Subscribe now to and start applying to auditions!

Off-Broadway Review

Burmese Days

  • Share:

Burmese Days
Photo Source: Carol Rosegg
George Orwell did some time in the Burmese military police, and as anyone who has read him can attest, he was far too decent a man to be a cheerful servant of the Raj. The novel that came out of his experiences, "Burmese Days," was banned in India for many years for its unflattering portrayal of British colonial rule, though it also includes many elements of pulp adventure: an exotic locale, a corrupt official who tries to destroy an innocent man, a native rebellion, and a shameless romantic episode in which the conflicted hero rescues a damsel in distress from a rampant rhino. (She does everything but clasp her hands and sigh, "My hero!") Sadly, any potential for a ripping yarn remains unrealized in this leaden stage adaptation, which makes for a pretty tough slog.

Some of the problems can be traced to crudities in the novel, which was Orwell's first. Writer and director Ryan Kiggell tries hard to make the material theatrical: The six actors appear on stage for the duration of the play, take on multiple characters, provide the requisite jungle sound effects, and occasionally come together in a kind of Greek chorus. In theory, this should lend a fluidity to the proceedings, but more often it results in a simple lack of clarity. The staging also has a distancing effect, keeping us at arm's length from the characters when what we really need is greater depth and verisimilitude.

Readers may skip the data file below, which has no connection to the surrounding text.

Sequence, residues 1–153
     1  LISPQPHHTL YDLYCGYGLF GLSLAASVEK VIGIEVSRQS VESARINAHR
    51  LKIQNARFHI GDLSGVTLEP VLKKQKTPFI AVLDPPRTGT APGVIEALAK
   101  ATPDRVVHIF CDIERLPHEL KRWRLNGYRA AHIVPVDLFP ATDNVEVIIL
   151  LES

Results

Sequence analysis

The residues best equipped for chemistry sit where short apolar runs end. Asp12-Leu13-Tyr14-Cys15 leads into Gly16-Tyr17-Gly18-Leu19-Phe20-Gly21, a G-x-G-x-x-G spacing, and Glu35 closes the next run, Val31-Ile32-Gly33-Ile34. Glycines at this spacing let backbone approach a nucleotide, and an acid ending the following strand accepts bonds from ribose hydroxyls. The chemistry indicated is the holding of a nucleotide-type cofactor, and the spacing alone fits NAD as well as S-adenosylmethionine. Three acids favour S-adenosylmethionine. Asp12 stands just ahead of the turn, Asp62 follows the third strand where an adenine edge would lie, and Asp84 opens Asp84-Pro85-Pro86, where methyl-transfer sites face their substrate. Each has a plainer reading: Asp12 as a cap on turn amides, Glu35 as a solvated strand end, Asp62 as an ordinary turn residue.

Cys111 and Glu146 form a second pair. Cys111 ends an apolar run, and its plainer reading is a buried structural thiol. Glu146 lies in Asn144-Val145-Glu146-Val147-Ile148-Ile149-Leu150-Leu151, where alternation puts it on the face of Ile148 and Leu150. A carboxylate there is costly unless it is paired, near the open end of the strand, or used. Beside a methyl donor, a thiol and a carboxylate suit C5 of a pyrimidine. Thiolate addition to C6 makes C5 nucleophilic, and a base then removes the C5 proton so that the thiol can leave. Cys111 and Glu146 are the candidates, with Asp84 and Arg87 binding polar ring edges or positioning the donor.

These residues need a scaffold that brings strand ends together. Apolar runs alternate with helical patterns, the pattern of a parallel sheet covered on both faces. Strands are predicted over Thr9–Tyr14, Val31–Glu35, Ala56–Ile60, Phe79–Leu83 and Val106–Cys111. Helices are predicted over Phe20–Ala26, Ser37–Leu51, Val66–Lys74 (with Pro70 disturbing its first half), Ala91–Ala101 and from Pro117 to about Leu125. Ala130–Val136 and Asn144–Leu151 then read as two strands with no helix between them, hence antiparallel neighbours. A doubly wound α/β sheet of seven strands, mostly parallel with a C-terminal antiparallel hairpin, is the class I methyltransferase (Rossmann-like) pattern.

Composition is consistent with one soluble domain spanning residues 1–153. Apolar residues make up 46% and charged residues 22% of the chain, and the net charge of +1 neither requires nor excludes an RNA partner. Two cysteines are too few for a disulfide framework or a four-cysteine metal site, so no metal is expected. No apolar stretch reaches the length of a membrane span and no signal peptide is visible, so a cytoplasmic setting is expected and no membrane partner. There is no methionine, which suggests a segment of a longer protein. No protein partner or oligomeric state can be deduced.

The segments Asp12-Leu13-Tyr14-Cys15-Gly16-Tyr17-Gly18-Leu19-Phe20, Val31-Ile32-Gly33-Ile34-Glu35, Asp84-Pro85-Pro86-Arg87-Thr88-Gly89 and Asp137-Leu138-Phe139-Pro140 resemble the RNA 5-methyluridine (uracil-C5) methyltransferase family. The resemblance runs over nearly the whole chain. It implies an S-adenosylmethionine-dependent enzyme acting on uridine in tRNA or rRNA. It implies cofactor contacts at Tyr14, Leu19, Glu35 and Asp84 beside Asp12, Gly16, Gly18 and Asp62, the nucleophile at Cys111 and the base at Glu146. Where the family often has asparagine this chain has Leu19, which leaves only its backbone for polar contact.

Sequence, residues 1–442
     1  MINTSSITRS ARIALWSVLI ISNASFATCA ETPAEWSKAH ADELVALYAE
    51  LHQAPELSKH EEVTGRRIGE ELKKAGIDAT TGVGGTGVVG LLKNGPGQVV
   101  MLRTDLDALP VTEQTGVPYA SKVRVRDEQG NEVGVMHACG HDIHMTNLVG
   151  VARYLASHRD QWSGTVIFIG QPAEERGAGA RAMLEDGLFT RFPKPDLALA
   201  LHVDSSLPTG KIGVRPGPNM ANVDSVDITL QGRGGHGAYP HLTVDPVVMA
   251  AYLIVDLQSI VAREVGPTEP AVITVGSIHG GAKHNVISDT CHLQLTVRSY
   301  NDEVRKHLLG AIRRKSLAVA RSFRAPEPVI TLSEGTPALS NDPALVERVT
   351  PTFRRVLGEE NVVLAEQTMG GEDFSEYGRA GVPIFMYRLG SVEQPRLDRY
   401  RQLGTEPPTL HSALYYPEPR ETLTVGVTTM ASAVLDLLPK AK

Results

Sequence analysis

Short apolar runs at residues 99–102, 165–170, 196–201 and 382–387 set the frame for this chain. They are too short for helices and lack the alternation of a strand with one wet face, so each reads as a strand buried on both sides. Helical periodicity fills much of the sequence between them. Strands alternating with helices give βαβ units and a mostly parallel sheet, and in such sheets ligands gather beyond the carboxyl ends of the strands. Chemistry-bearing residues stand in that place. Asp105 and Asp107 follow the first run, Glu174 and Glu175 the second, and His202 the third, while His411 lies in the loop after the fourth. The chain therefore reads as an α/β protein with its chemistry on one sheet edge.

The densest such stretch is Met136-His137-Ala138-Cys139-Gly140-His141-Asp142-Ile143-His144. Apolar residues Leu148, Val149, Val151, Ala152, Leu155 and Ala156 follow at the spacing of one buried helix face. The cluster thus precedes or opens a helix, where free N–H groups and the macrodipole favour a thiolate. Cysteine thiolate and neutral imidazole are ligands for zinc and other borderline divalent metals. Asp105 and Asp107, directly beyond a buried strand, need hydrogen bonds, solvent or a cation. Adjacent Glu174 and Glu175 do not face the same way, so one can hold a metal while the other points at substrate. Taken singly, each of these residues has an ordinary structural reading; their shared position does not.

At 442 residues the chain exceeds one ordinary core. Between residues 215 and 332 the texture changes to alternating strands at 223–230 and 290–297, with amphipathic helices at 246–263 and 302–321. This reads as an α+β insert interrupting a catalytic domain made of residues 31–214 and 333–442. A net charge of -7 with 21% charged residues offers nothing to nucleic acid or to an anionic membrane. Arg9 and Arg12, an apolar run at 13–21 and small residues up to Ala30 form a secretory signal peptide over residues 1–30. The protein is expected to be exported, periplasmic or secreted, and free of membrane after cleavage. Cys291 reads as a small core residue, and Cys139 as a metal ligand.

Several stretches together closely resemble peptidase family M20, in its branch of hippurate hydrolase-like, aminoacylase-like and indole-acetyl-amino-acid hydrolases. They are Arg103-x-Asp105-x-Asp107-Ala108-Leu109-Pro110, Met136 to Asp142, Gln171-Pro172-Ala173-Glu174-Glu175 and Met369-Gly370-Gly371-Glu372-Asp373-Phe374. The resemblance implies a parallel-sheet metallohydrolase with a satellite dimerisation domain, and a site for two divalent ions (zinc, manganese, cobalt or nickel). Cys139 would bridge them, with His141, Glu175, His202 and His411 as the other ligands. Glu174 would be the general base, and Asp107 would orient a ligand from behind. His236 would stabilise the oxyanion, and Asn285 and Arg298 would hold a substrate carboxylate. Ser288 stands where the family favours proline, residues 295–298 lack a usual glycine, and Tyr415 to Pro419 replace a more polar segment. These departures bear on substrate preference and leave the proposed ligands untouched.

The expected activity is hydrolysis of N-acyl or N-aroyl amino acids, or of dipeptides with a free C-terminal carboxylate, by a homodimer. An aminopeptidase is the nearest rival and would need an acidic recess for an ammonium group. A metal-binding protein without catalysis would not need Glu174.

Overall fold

Jamie Zubairi plays both the hero, Flory (Orwell's stand-in), and the odious official U Po Kyin, who would make a pretty decent Bond villain. Amerjit Deu plays Dr. Veraswami, Flory's friend and the object of Kyin's plot, as well as the virulently racist Ellis, who tries to block Veraswami's admission to the local gentlemen's club. Both actors appeared to be underrehearsed, sticking stubbornly to the surface of their roles and fluffing their lines to a distracting degree. "Burmese Days" is well-intentioned, to be sure, but we all know what the road to hell is paved with.

Presented by Aya Theatre Company as part of Brits Off Broadway at 59E59 Theaters, 59 E. 59th St., NYC. Nov. 16–Dec. 4. Tue.–Thu., 7:15 p.m.; Fri., 8:15 p.m.; Sat., 2:15 and 8:15 p.m.; Sun., 3:15 and 7:15 p.m. (No performance Thu., Nov. 24.). (212) 279-4200 or www.ticketcentral.com. Casting associate: Annalie Powell.

What did you think of this story?
Leave a Facebook Comment: